Tis the season and Denny Cherry & Associates Consulting has a quick way for you to make a difference. All you have to do, is click through to our donation webpage, and that’s it.  For clicking through, DCAC will donate $1 to Elizabeth Glaser Pediatric AIDS Foundation.

Every dollar accessed by your participation matters. Having assisted 30 million pregnant women at more than 5,000 clinics in 19 countries, The Elizabeth Glaser Pediatric AIDS Foundation continues to seek an end to global pediatric HIV/AIDS through prevention and treatment programs, research, and advocacy.

We’re working with the Elizabeth Glaser Pediatric AIDS Foundation in part because 500 children are newly infected with HIV because their families lack access to the health services they need to prevent transmission.  And this is something that everyone at DCAC wants to help solve.  We have come so far, but progress towards ending AIDS in children and youth is stalling. We must redouble our efforts or risk losing the progress we’ve gained!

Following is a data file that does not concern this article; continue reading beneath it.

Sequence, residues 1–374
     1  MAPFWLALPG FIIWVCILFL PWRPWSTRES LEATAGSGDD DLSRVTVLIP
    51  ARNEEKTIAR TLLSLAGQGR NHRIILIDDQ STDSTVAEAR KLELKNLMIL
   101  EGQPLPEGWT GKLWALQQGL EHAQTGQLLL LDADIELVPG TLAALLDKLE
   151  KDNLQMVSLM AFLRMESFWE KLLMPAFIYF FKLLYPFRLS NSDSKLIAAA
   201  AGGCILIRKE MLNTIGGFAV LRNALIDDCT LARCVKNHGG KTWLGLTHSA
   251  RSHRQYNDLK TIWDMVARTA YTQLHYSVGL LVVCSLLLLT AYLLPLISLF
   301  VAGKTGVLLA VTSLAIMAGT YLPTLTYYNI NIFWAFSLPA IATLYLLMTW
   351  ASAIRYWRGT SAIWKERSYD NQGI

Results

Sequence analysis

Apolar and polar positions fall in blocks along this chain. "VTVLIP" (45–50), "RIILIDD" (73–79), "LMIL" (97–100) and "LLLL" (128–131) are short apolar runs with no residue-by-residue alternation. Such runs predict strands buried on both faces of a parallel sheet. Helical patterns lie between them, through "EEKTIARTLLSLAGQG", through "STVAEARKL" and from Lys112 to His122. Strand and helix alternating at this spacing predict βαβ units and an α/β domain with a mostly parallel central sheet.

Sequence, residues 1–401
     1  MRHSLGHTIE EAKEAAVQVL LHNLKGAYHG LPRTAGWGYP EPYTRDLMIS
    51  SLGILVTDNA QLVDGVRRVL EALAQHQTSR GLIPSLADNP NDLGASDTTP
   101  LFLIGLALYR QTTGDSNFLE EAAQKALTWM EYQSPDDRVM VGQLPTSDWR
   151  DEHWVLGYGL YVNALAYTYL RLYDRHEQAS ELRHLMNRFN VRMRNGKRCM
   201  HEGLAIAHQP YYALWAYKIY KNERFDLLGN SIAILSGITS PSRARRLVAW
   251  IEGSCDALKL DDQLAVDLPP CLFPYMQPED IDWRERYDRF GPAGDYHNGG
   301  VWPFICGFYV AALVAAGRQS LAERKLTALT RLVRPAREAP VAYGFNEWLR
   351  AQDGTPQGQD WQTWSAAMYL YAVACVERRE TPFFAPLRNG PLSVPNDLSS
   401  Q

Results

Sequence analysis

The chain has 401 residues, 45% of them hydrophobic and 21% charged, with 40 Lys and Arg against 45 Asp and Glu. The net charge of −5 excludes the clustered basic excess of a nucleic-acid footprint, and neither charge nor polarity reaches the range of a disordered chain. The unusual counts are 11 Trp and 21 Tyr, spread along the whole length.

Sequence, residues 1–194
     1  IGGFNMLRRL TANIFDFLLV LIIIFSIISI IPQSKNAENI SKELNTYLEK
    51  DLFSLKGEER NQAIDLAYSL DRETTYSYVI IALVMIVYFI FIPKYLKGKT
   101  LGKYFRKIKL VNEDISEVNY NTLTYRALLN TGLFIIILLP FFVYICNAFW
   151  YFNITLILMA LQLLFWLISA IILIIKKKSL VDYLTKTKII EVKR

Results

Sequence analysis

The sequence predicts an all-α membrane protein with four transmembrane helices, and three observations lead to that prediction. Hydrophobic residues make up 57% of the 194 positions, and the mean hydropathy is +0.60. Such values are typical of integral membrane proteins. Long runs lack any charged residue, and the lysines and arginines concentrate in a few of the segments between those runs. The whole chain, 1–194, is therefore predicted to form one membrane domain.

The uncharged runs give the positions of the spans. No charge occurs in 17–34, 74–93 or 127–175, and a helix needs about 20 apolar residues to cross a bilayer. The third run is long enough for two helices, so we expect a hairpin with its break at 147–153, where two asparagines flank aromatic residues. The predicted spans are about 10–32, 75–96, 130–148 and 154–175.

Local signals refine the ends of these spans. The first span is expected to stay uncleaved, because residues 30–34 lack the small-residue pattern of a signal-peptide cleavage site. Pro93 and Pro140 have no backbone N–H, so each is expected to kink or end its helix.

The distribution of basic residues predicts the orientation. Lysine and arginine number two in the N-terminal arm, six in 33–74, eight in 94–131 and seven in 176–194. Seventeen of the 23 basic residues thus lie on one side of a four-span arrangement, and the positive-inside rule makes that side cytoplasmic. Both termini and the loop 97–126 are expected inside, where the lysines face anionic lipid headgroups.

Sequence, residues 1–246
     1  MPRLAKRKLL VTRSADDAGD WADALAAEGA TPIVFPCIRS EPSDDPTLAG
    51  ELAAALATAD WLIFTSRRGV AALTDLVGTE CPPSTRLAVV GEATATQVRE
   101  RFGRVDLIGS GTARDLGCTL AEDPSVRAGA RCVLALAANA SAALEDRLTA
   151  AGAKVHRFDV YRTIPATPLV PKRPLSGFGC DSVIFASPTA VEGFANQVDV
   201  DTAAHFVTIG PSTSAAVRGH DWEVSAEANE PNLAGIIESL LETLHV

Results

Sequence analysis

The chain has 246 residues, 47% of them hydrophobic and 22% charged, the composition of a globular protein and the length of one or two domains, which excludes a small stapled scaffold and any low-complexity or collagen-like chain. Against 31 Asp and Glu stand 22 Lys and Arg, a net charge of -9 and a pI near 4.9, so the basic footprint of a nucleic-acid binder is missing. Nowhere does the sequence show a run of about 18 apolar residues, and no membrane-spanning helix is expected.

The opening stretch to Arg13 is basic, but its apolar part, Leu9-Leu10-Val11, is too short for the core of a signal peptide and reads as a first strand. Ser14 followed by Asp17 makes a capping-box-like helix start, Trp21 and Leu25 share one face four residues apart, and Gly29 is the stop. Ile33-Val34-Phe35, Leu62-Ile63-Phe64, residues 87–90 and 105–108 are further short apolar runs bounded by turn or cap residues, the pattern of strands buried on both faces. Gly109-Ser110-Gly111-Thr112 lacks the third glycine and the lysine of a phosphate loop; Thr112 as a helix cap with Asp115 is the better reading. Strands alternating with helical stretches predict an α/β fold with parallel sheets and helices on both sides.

Want to help out by DONATING MORE? EXCELLENT! We’re matching donations! Click through here to donate to EGPAF! DCAC will match every dollar you choose to donate through our link up to a total of $10,000 US for donations made between December 1st, 2019 through December 24th, 2019 at 11:59:59pm Pacific Time.

We announced this yesterday, which was World AIDS Day, but we wanted to announce it again today to make sure that as many people as possible see it.  We urge you to click through and make the $1 donation and if you can make your own donation which DCAC will match to the Elizabeth Glaser Pediatric AIDS Foundation.

Denny


December 1, 2019  4:00 PM

DCAC Supporting Elizabeth Glaser Pediatric AIDS Foundation (@egpaf) #WorldAIDSDay

Denny Cherry Denny Cherry Profile: Denny Cherry

Tis the season and Denny Cherry & Associates Consulting has a quick way for you to make a difference. All you have to do, is click through to our donation webpage, and that’s it.  For clicking through, DCAC will donate $1 to Elizabeth Glaser Pediatric AIDS Foundation.